As indicated in a Psych Central post, depression is emotionally and physically draining, making those suffering it feel lethargic and struggle to find motivation for even the simplest tasks.
Finding motivation when depressed is difficult for most people. This is partially because of the physical effects of depression, but also because often the natural instinct is to wait out the depressive state.
Since depression breeds depression, waiting it out is a tactic that negatively reinforces depressive urges.
The post’s author explores 12 ways to actively motivate yourself and break an episode or cycle of depression.
- Opposite Action: This idea argues that doing something you know is good for you can help prevent reinforcing a bad habit. If you know watching TV all day makes you continue to feel depressed, try to get out instead and see if that action creates positive emotions.
- Set an Alarm: Do this for any and all activities where you need help be it getting out of bed, remembering a meal, or running errands. Setting an alarm helps remind you of areas you need to focus on and actively make a change.
- Make Your Bed: By making your bed, you signal to your brain that you cannot get back in the bed for the rest of the day.
- Wash Up: Doing this after making your bed provides more structure and routine to your life while also giving your brain the impression that you’re getting ready for the day as opposed to just laying around.
- Get Dressed: This action is connected to the previous two tips in that it motivates you to do more than lounge at home for the day.
- Go Outside: Going outside can be difficult for those suffering depression. This step does not require having a plan or a place to go. Simply step outside of your house and do what feels right, whether it’s a quick walk or running an errand. Just ten minutes outside is an active way to combat depression.
- Choose One Exercise: Exercise is good for the mind, body, and soul. Find an exercise that you enjoy and make a point to do it every day.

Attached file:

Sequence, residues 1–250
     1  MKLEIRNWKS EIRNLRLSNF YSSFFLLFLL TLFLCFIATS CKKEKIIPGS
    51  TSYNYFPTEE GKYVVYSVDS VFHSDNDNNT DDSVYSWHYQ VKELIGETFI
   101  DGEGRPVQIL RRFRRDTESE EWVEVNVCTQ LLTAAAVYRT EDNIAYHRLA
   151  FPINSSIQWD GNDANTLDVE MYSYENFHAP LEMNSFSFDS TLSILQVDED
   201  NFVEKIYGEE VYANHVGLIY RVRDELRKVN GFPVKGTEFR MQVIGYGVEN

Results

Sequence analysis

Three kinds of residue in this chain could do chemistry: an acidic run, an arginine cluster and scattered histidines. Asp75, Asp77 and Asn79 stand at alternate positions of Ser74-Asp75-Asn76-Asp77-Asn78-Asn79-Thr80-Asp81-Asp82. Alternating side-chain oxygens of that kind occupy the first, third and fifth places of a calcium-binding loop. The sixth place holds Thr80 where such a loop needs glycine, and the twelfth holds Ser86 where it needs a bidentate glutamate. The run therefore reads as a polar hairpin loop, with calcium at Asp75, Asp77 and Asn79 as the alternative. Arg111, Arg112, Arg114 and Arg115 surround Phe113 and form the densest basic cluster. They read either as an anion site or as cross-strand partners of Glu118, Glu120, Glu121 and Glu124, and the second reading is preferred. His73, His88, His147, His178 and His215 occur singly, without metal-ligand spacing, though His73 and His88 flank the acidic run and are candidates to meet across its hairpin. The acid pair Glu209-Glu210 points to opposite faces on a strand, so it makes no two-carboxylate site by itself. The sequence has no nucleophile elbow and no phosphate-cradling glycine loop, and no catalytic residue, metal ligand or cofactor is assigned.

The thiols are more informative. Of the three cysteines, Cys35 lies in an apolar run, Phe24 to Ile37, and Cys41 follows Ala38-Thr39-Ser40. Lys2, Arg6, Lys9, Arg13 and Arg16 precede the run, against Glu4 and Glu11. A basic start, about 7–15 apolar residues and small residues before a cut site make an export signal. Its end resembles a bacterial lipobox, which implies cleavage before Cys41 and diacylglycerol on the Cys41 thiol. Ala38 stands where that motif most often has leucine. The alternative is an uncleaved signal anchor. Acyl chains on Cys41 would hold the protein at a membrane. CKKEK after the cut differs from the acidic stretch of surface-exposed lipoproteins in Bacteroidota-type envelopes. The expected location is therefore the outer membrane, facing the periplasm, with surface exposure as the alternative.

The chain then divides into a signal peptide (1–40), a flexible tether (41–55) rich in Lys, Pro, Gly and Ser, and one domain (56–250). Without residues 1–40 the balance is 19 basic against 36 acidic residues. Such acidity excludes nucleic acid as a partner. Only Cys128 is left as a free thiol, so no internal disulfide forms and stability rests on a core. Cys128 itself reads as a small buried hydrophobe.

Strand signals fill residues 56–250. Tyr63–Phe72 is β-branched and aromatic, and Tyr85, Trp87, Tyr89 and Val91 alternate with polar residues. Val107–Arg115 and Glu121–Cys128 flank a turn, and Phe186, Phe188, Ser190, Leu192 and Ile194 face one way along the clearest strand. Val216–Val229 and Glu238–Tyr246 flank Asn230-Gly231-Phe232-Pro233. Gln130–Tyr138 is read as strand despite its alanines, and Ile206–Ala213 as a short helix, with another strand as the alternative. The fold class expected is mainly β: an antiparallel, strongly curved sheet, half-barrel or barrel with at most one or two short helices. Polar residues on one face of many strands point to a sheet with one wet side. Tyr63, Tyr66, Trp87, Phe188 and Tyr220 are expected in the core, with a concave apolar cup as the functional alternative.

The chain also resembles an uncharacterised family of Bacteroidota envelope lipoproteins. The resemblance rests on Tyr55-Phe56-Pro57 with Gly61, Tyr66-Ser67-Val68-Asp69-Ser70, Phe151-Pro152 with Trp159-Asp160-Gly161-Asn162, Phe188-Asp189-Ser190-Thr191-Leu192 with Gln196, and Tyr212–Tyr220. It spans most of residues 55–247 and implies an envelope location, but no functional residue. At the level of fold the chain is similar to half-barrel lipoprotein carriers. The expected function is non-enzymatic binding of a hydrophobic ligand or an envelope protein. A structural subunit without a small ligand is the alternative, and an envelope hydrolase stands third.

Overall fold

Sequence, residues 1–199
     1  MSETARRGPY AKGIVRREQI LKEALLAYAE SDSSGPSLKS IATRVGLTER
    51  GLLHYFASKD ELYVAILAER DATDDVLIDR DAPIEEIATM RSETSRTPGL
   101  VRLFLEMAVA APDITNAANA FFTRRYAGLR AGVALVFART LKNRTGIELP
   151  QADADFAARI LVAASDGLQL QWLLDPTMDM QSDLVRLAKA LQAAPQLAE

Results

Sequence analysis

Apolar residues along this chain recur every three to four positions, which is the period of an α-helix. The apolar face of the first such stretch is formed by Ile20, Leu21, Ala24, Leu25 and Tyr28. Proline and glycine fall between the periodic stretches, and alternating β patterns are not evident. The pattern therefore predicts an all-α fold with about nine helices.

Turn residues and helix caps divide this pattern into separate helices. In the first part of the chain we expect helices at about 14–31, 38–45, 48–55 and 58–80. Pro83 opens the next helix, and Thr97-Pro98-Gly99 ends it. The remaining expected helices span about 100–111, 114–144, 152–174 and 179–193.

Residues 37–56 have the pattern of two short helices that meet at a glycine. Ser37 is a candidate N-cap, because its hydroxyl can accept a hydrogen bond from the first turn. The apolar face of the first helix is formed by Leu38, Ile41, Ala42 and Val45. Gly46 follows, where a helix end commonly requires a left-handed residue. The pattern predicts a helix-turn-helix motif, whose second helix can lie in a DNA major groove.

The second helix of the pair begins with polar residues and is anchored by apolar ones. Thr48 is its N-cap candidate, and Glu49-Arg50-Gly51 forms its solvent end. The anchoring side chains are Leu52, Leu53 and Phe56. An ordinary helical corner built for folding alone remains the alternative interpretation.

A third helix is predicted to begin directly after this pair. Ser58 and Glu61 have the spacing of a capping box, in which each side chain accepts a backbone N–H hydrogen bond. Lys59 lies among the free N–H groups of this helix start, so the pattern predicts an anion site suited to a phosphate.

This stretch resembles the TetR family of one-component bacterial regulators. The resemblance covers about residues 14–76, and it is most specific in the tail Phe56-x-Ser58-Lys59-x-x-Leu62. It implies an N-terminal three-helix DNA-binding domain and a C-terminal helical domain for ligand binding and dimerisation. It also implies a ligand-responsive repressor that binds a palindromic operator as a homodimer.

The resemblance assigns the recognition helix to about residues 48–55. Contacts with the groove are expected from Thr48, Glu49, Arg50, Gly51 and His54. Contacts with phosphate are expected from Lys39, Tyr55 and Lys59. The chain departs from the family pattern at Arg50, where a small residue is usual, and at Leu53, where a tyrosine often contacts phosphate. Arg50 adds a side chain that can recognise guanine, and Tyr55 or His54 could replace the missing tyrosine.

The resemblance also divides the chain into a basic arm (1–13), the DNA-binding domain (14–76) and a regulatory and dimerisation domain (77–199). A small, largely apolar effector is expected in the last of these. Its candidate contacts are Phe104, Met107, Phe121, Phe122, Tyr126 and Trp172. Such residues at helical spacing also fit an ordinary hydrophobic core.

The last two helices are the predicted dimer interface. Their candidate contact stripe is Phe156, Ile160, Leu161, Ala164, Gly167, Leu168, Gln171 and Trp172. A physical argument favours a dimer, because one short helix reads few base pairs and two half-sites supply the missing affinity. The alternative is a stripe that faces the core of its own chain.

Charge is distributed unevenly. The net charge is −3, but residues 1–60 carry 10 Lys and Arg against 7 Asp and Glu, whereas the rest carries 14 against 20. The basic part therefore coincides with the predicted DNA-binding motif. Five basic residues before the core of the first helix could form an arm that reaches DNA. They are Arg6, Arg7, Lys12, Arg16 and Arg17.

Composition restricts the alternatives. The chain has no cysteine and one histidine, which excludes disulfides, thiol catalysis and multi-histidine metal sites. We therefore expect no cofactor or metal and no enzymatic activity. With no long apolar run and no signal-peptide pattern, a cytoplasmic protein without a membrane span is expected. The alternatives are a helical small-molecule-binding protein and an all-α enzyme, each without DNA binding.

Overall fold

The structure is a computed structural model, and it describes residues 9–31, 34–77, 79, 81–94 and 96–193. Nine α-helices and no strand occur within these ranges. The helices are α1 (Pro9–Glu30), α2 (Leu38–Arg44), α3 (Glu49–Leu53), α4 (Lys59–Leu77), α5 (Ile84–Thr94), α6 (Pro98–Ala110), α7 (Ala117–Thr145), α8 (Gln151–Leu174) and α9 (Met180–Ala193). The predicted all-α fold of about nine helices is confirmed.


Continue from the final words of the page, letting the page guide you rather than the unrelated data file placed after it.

- Make a List of Activities: Think about what you like to do and want to do more of. It can be leisure, self-care, or work-related. Make sure the list is a good mix of activities to do alone and with others.
- Schedule Activities: Refer to your list of activities and schedule some to plan your next week or two. Be specific with dates and times and spread out the activities so you don’t get overwhelmed. This will make it easier to stick to your schedule.
- Daily Necessity Schedule: If you’re struggling with necessary day-to-day activities like eating, cooking, showering, etc. create a daily home schedule. This schedule, which could include activities as specific as when to get dressed, will help with everyday functioning.
- See Family and Friends: Improve your mood by surrounding yourself with friends and family outside of the house. You are more likely to overcome depression if you remove yourself from the environment that reinforces it – usually your house or bedroom.
- Psychotherapy: Remember that wanting to stay inside, forgetting to cook meals, etc. are symptoms of depression. Another way to create, navigate, and maintain motivation is to talk about the internal issues causing these symptoms with a professional.
You have the power and capability to conquer depression. Try opposite action tactics to combat your symptoms and consider talking to a professional to address the deeper problems.